If we were to speak of a Caribbean country worth billions of dollars in untapped gold resources, what country would spring to mind? Probably not the impoverished Caribbean republic of Haiti. After all, centuries of suppression, strife, corruption, and natural disasters have wrecked the economy and deflated most possibilities for tourism, leaving the country known more for its poverty than almost anything else.
Really, one of the only industries still functioning within the country is the production of rum; but soon, all of that could change.
Early in January of 2015, Haitian government officials met both with representatives from the World Bank and also with international mining investors in the capital city of Port-au-Prince to discuss how the Haitian government might deal with companies seeking to mine billions of dollars worth of gold out of the mountains in the island’s north.
Naturally, the international business community has voiced concerns regarding the proposed endeavor. After all, Haiti has a track record of government corruption and human rights violations, and the new mining laws could provide space for these problems to increase.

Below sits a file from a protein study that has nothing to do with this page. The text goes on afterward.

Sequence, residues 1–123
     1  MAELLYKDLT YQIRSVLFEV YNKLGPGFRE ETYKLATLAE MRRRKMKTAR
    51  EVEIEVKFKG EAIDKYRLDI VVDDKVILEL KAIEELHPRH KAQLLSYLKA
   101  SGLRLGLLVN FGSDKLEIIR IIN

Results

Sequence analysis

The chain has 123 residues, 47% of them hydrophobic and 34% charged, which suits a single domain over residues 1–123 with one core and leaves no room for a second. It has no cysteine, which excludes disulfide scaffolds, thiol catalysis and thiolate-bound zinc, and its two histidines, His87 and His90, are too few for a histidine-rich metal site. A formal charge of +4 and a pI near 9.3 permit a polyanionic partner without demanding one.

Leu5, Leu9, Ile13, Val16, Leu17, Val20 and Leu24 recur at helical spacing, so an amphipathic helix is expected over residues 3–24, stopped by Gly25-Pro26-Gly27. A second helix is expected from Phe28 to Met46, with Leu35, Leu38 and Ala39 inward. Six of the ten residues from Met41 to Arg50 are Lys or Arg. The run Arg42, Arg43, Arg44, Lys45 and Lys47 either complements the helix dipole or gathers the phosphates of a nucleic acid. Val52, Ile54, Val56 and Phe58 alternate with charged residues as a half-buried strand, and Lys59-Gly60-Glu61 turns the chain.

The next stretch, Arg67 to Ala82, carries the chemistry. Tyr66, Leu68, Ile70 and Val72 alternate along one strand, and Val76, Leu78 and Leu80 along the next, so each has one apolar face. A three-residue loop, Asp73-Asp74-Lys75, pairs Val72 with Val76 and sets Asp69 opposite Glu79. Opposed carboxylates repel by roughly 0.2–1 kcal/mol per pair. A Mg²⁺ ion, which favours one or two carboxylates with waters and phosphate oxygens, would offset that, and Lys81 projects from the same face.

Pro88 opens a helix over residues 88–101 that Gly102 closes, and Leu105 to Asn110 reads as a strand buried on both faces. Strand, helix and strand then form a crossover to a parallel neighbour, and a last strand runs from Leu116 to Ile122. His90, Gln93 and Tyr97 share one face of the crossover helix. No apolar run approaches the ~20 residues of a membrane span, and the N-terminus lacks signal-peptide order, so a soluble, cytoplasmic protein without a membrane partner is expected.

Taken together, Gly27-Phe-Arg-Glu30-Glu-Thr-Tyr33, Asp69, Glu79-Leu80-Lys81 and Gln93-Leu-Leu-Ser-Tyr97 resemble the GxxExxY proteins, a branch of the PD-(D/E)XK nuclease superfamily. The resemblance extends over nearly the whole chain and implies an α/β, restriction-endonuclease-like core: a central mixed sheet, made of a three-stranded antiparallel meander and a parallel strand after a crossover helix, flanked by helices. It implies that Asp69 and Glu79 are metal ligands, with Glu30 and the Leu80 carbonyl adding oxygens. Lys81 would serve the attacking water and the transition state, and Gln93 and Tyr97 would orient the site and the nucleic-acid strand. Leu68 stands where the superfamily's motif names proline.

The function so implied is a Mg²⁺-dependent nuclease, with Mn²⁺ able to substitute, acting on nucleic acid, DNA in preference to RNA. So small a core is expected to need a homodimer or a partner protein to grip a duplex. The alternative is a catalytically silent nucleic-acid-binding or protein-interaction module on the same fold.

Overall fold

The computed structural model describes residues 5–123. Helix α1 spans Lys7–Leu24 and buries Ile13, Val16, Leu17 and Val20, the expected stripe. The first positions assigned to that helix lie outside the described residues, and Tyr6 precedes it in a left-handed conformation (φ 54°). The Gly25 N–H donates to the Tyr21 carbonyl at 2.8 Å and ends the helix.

Communities are particularly alarmed that the draft law makes it easier for the government to expropriate land to enable mining installations if they are deemed to be in the “public interest.” As the complaint notes, the bill “does not make clear whether landowners and land users have the right to refuse to allow mining companies to enter onto and use their land.” (Vice News)
Still, even with several causes for concern, we’re cautiously optimistic. Not only will a poor nation have a chance to join the thriving international mining market, providing badly-needed jobs for its citizens in the process; but with more mining sectors opening up, the global demand for mining equipment also means jobs outside of Haiti as well.
That’s always a good thing.
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Image credit: Wikipedia